December 17, 2013

Head injuries and suicide: It's not just for football anymore.

Now, playing baseball "with abandon" is connected (in the NYT) to suicide.
“There is no way to say [Ryan Freel's] neurodegenerative disease was the cause of his death or the tumultuous 10 years prior to his death,” said Dr. Bob Stern, a neurology and neurosurgery professor and a co-founder of Boston University’s Center for the Study of Traumatic Encephalopathy....

The B.U. Center’s examination of athletes has focused on football, and research published earlier this year indicated that of 35 deceased players whose brain matter was inspected, all but one showed signs of C.T.E. Several were suicide victims. One of the most prominent players, Dave Duerson, had attained the third stage of C.T.E.

Stern said he was initially skeptical that a baseball player would develop the disease. Then he learned during the investigation not only about Freel’s history of collisions with outfield walls and other players but that his first of several concussions unrelated to sports may have occurred at age 2....

“I don’t think baseball is going to become a high-risk activity for C.T.E.,” he said. “I don’t think parents should immediately say: ‘That does it. My kid should not play Little League.’ ... [But] we need to pay better attention to our brains. Try to take the head out of these activities."
Will parents overreact and take their kids out of sports? That would be stupid. I assume sports also alleviate depression and some of those sedentary kids, plunging their brains into computers and televisions, descend into suicide. The message is only: Don't get your head knocked hard.

34 comments:

rhhardin said...

It's what'shisname's law.

Safety equipment increases danger as people take it into account.

The Peltzman effect.

I knew I could think of it.

He studied the effect of seat belt laws. Zero.

CatherineM said...

You know what's dangerous? Farming.

I get so tired of all of the anti-sports "you might get hurt" stories. Kids are in more danger getting in the car every day.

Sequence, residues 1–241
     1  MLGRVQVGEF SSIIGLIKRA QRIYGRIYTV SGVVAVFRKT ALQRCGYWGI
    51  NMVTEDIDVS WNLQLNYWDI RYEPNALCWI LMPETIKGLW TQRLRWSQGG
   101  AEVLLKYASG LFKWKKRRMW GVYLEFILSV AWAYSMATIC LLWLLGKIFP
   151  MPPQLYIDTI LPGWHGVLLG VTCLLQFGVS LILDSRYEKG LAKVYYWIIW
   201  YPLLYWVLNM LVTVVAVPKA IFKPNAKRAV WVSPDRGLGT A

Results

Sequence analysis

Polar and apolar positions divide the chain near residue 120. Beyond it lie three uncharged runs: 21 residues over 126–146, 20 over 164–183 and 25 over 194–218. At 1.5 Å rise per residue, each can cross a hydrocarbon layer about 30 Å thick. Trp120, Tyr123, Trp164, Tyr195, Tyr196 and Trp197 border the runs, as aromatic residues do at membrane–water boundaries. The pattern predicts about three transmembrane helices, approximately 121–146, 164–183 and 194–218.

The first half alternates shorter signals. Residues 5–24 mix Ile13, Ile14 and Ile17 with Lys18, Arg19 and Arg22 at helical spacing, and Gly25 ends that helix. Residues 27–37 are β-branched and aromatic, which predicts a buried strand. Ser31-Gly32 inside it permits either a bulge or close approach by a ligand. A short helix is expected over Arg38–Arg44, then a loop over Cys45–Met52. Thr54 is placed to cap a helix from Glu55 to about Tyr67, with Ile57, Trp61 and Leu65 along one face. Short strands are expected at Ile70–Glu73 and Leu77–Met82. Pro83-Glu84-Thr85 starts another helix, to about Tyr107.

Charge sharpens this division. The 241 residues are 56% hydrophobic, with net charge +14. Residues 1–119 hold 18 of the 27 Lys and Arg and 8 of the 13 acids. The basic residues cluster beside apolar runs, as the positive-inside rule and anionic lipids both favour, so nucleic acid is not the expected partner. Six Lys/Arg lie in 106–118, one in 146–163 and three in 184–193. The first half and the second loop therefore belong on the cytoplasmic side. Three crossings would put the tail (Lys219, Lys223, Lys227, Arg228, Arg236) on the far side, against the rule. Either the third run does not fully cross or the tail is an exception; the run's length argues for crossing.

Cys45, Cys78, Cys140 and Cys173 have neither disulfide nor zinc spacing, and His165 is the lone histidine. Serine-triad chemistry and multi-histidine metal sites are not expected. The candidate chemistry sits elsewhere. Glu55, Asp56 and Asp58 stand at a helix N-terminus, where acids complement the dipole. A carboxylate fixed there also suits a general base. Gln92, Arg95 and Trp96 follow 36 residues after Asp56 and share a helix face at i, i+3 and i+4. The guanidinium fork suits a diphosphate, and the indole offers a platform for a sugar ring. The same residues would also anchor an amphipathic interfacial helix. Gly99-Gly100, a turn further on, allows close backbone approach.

Sports, besides physical activity and hand/eye/gross motor skills development, can be important socially. Also, sometimes the coaches are better role models and leaders than some poor kids parents.

AJ Lynch said...

Smaller families leads to even more smothering of kids by the parents.

I think these smaller families will hurt participation in contact sports more than these medical reports.

Scott M said...

They're just not going to be happy until they ruin fun for everyone. And, since that will finally make them happy, someone will come along and ruin that for them in the end.

It's a morbius timeline of busy-body-ness.

Tibore said...

There's reasonable concern, and there's freakout and panic. Reasonable concern says that parents should take proper precautions, insist that kids wear their safety equipment and that coaches concentrate on proper, safe technique, even going so far as to insist on a well-trained coach who can teach all that being hired in the first place (of course I'm thinking mostly of football here, but the same has to apply to pretty much any sport) while at the same time all agreeing to reasonable requirements and limits for the league their children play in.

That's reasonable concern.

Panic is insisting that Little Snowflake will absolutely never play in the Patty Cake league, ever because you don't want to run that .01% risk of inducing carpal-tunnel repetitive strain injuries by high school.

betamax3000 said...

The Ghost of Peter O'Toole says:

I Received My Head Injuries the Proper Way of the Inebriated Gentleman: I Fell Over Drunk. Here in Heaven My Head Lands Safely on a Cloud.

betamax3000 said...

The Ghost of Peter O'Toole says:

In the True Football -- what you Americans Call Soccer for God Knows Why -- Our Players Bounce the Ball Repeatedly By Striking Them With Their Very Heads, with Nary a Helmet to Be Seen. Stiff Upper Lip.

Crazy Jane said...

It's not just baseball and football, not just head injuries. I know young people aged 20 or less who have bad shoulders, painful elbows and banged-up knees that have led them to abandon their favorite sports. Athletic competition is great, no question, but when children specialize at very young ages, sometimes they pay a cost in foreshortened careers.